Wednesday, July 1, 2009


Submitted by Richard Palmer

Mary Simpson Smart, a lady of 92, (2009) living in the cobblestone
house in Pilgrimport, states:

"The hamlet at the first crossroads east of Lyons, where
the eastern branch of Pilgrimport Road becomes Lock Berlin Road, was
never big enough to serve as a destination for immigrants, although
it once contained a dozen buildings. The name is derived from a
religious sect called the Pilgrims, who met at this crossroads for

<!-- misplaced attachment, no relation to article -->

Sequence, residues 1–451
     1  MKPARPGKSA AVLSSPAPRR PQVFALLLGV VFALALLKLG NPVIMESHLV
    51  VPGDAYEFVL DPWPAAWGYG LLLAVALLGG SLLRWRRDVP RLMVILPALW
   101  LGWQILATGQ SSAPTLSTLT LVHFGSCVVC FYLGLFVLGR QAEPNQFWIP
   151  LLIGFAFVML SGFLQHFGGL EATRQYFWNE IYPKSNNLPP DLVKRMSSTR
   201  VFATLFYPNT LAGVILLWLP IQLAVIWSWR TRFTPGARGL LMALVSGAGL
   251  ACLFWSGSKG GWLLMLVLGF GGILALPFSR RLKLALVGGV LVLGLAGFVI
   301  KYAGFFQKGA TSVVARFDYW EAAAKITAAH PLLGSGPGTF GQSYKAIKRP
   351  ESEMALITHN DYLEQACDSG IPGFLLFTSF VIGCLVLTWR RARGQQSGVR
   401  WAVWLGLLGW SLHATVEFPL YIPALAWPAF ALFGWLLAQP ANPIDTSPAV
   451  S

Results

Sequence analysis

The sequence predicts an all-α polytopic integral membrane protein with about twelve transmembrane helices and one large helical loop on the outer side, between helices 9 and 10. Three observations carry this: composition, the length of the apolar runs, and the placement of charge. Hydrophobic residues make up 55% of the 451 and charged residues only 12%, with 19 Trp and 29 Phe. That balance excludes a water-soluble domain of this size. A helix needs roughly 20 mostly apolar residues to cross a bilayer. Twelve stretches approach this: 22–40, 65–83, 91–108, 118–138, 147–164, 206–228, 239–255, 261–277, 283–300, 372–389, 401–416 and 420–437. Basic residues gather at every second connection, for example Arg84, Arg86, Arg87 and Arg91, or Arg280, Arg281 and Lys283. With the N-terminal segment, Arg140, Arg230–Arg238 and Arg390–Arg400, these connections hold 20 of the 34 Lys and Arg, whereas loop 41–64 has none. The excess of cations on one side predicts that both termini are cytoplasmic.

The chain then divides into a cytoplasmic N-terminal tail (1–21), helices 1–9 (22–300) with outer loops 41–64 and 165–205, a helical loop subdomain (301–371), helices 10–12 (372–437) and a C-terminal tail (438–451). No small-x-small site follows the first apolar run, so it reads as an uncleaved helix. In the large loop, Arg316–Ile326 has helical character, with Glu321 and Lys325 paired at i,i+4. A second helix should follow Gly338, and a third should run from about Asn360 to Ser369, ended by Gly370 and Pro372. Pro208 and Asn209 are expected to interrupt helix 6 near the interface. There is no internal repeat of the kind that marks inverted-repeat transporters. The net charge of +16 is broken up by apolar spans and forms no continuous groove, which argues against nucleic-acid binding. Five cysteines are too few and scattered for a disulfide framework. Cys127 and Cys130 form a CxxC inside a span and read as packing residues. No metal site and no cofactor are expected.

Sunday services -- as well as at other sites, such as Pilgrim's
Landing in Palmyra.

" Interestingly, it seems that Bishop's Road, leading up to the
big white Bishop farmhouse, once crossed this earliest Erie Canal
over a bridge which was hump-backed, to allow boats to pass beneath it."

Also, she said:

" Many owners of wetlands cut willow withes annually, for
enterprising individual basket makers who sold their work from their
farmhouses. I remember going with my mother to buy baskets at such a
home in South Sodus -- and of course Peter Durer and his wife had a
willow camp just east of Lyons where he brought workers from
Liverpool each year to live for a few weeks in the dead of winter
cutting and steaming the bark from the surrounding swamp. "

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